(Not a third-party comment as Dr Pfrang is one of the authors of the report, Chapter 5 – Air pollution chemistry, monitoring, forecasting and information)
Dr Christian Pfrang, Reader in Atmospheric Science, University of Birmingham, said:
“This year’s CMO report on Air Pollution outlines current pollution challenges in the UK, both indoors and outdoors, and what are practical solutions to reduce their impacts on human health. A particular focus is the impact of air pollution on vulnerable groups including children, people with pre-existing conditions and the elderly. The report identifies how we can go further to reduce air pollution e.g. with improvements in engineering for transport and industry, but also by modifying agricultural practice and with improvements in the built environment.
“The report is co-authored by leading experts from across the UK providing the latest evidence on air pollution based on indoor and outdoor measurements as well as modelling.
“The report identifies recent trends in air pollution and how it is expected to change in the future. Most of the report is focussed on achievable indoor and outdoor air pollution solutions based on the latest research findings. These solutions include new technology as well as behavioural changes.”
Prof Stefan Reis, head of Atmospheric Chemistry and Effects at the UK Centre for Ecology & Hydrology, said:
“The report explicitly recommends a focus on significant reductions in ammonia emissions from agriculture, recognising their contribution to the formation of particulate matter. This recommendation further supports the emphasis of existing and emerging policies to finally tackle ammonia emissions from agriculture, which have so far remained relatively stable over many years. It is in particular important to note the potential cost savings and wider societal benefits of reducing nitrogen losses to the environment from agricultural activities beyond their contribution to air pollution.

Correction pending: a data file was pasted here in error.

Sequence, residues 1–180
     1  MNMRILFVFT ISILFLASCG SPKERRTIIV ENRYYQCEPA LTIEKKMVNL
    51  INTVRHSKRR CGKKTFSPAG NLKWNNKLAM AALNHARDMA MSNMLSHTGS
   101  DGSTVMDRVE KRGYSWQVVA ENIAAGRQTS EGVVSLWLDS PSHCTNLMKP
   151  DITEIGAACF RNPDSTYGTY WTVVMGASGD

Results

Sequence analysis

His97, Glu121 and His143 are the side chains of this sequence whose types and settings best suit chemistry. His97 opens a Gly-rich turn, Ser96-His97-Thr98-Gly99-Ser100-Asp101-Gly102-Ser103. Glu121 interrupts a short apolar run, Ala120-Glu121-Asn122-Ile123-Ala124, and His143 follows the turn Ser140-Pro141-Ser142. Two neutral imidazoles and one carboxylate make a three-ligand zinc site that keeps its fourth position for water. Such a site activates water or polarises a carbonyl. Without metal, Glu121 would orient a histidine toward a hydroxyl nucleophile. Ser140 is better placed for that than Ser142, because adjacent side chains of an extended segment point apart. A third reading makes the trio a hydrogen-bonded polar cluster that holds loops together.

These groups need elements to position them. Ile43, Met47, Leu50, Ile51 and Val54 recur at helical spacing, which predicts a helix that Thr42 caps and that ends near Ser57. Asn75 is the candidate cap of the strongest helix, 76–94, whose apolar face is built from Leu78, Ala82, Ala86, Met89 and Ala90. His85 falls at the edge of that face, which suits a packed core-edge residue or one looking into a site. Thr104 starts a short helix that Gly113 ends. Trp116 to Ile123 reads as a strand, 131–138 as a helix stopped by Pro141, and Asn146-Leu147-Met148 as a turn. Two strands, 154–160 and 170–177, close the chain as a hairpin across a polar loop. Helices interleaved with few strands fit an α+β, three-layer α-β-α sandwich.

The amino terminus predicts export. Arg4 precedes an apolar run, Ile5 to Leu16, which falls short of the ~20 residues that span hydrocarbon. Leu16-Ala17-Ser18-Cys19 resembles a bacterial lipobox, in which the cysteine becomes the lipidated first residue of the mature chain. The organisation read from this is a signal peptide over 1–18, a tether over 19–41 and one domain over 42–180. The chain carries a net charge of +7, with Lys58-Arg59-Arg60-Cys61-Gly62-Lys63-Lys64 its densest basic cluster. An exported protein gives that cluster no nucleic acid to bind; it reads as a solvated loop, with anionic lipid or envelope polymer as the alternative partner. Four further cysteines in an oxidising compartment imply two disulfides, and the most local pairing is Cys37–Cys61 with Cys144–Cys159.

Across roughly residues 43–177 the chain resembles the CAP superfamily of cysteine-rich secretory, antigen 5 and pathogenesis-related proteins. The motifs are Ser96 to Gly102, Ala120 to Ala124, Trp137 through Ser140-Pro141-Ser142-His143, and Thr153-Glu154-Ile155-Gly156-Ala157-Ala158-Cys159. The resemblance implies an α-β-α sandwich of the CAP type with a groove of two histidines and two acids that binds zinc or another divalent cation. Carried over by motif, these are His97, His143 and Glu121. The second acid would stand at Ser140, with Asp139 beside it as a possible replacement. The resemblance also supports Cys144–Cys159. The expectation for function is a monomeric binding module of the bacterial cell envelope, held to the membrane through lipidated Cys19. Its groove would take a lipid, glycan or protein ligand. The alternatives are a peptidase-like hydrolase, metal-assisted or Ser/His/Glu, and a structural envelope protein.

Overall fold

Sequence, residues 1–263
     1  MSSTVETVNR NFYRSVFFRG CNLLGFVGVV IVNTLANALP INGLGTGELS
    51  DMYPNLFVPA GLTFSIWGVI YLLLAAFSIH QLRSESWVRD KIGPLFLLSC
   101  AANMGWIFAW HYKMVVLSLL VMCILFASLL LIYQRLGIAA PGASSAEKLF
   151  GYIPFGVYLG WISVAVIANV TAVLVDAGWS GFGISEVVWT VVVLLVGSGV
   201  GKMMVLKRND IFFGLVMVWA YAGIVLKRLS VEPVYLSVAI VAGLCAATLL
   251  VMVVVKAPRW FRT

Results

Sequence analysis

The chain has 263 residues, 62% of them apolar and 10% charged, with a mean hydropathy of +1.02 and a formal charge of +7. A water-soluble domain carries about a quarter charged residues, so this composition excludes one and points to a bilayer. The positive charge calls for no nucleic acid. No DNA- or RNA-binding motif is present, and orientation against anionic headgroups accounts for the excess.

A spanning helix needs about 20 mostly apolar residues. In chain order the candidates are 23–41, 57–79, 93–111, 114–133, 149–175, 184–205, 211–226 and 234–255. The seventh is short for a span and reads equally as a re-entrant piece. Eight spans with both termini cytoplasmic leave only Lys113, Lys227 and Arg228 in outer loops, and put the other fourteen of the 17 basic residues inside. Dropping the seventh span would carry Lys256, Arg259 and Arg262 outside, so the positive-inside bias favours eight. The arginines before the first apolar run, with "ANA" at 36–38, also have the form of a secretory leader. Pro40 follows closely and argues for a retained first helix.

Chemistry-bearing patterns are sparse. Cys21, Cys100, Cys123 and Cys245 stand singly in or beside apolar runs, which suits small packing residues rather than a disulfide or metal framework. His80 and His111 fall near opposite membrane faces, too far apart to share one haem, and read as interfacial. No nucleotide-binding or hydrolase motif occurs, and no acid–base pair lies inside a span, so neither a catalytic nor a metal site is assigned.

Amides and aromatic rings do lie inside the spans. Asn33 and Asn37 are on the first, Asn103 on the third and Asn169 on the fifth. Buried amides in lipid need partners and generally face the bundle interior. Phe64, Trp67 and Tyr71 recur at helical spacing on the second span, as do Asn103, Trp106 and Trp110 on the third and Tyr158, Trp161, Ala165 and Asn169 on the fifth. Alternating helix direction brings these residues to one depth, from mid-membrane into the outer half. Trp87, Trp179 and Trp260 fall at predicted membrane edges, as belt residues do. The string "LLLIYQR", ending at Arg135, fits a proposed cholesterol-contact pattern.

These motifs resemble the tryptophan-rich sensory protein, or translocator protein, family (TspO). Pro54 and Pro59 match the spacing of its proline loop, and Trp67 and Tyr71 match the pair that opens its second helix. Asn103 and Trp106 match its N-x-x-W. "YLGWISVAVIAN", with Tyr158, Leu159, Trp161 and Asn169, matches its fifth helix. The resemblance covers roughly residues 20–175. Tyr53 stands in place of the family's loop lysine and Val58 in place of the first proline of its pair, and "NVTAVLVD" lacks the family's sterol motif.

“The new report highlights the relevance of looking at air pollution and greenhouse gas emissions as two intricately connected parts of a wider system. This is becoming vitally important to avoid unintended consequences of interventions with too narrow a focus. However, it could go even further in recognising the importance of taking a whole-system view and accounting for all costs, as well as the wider societal and environmental co-benefits of approaches e.g. to reach net zero targets.”
‘Chief Medical Officer’s Annual Report 2022 on Air Pollution’ will be published at 00:01 UK time Thursday 8 December 2022, which is also when the embargo will lift.
Prof Stefan Reis: “I declare no conflict of interest and have not been involved in the generation of the report. As an active researcher in the field of environment, I do receive funding from research councils and government sources on topics related to air pollution and health. The report uses work undertaken by my department, which is in the public domain, e.g. pp 174-175.”
Dr Christian Pfrang is an author of the report, Chapter 5 – Air pollution chemistry, monitoring, forecasting and information.
Prof Anna Hansell is an author of the report and Chair of the Committee on the Medical Effects of Air Pollution.
For all other experts, no reply to our request for DOIs was received.